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dc.contributor.authorJones, S-
dc.contributor.authorIrani, Z-
dc.contributor.authorSharif, A M-
dc.identifier.citationProceedings of the 40th Hawaii International Conference on System Sciences,Hawaii, 3-6 January 2007.en
dc.description.abstractThe deployment of e-Government continues at a significant cost and pace in the worldwide public sector. An important area of research is that of the evaluation of e-Government. In this paper the authors report the findings from three interpretive in-depth organisational case studies that explore e-Government evaluation within UK public sector settings. The paper elicits insights to organisational and managerial aspects with the aim of improving knowledge and understanding of e- Government evaluation. The findings that are extrapolated from the analysis of the three case studies are classified and mapped onto a tentative e-Government evaluation framework and presented in terms lessons learnt. These aim to inform theory and improve e- Government evaluation practice. The paper concludes that e-Government evaluation is an under developed area and calls for senior executives to engage more with the e- Government agenda and commission e-Government evaluation exercises to improve evaluation practice.en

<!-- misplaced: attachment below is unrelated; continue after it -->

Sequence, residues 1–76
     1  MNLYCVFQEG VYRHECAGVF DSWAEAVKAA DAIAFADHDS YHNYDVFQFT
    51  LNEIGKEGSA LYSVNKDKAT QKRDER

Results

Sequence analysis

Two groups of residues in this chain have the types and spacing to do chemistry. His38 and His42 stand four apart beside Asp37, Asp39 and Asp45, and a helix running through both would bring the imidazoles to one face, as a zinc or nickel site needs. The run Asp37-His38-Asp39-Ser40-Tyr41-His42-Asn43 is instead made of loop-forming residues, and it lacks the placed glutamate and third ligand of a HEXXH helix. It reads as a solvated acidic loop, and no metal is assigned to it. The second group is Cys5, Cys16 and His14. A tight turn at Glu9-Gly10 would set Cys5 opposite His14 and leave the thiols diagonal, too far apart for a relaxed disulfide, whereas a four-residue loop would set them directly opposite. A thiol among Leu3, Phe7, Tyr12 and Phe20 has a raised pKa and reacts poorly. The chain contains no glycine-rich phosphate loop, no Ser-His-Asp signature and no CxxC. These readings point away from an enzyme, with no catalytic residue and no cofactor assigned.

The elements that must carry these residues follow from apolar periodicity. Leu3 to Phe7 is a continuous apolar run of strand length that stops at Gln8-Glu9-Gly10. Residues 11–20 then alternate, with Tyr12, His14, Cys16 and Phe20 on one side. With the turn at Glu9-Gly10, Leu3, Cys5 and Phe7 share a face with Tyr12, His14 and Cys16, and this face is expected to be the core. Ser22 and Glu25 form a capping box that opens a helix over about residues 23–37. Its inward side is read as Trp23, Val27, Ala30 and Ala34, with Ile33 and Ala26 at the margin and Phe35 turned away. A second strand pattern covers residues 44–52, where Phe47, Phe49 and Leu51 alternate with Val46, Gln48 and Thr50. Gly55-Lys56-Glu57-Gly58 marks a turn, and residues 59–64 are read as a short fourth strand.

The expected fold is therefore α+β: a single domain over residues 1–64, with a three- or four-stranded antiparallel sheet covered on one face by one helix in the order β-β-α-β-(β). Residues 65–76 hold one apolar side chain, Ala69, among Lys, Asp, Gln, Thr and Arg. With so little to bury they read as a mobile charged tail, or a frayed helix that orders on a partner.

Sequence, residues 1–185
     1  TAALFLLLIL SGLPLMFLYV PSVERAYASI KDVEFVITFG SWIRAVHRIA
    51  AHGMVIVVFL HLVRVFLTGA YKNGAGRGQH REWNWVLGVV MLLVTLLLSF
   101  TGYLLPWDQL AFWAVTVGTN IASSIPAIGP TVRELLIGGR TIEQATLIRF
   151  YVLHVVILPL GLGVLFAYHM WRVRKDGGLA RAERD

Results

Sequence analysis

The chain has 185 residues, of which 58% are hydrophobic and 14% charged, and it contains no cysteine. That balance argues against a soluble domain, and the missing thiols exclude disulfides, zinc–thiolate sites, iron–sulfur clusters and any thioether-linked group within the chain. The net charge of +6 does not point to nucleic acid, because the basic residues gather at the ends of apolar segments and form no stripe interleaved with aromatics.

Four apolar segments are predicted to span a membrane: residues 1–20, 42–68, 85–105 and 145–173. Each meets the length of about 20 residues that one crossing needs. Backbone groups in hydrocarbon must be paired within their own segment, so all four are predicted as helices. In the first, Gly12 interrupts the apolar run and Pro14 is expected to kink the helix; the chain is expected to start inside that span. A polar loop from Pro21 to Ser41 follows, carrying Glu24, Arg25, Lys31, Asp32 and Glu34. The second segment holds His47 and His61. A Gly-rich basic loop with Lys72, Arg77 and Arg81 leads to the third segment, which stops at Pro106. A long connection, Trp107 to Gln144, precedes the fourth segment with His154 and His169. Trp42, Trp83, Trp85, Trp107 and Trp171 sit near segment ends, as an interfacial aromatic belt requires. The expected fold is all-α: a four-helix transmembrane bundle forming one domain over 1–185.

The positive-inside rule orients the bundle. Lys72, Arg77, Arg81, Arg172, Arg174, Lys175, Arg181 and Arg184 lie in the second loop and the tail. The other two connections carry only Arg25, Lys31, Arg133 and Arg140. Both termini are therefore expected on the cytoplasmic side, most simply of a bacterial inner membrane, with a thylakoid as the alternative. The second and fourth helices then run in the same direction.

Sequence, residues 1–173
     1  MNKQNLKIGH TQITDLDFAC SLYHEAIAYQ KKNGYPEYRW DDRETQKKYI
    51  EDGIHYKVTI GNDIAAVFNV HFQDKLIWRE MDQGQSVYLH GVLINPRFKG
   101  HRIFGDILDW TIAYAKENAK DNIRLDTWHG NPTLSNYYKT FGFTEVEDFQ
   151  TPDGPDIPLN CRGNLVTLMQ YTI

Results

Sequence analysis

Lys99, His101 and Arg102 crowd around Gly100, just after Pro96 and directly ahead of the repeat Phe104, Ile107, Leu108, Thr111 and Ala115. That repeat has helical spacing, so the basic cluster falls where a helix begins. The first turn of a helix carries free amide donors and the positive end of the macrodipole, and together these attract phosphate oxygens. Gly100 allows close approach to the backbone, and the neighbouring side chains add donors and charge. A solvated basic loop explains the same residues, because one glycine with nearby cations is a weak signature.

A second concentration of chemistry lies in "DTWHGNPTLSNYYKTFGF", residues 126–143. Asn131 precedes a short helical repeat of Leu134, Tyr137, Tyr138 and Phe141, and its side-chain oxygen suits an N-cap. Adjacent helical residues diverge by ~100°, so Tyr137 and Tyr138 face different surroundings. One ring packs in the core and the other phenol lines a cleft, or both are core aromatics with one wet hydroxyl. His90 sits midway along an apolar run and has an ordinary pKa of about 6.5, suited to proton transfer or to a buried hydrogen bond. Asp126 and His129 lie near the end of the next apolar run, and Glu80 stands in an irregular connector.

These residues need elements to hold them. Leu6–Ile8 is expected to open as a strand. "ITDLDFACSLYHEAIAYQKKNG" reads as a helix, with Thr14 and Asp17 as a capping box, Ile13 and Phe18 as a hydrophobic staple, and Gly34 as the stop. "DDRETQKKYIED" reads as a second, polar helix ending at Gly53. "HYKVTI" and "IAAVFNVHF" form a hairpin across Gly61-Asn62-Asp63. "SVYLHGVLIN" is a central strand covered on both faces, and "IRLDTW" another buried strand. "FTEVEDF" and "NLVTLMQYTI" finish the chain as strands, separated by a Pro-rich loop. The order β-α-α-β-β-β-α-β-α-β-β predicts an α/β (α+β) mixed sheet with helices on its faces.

dc.format.extent164935 bytes-
dc.subjecte-Government Evaluation; UK Public Sector; Grounded Theory; Interpretive Case Studiesen
dc.titleE-government evaluation: Reflections on three organisational case studiesen
dc.typeConference Paperen
Appears in Collections:Business and Management
Brunel Business School Research Papers

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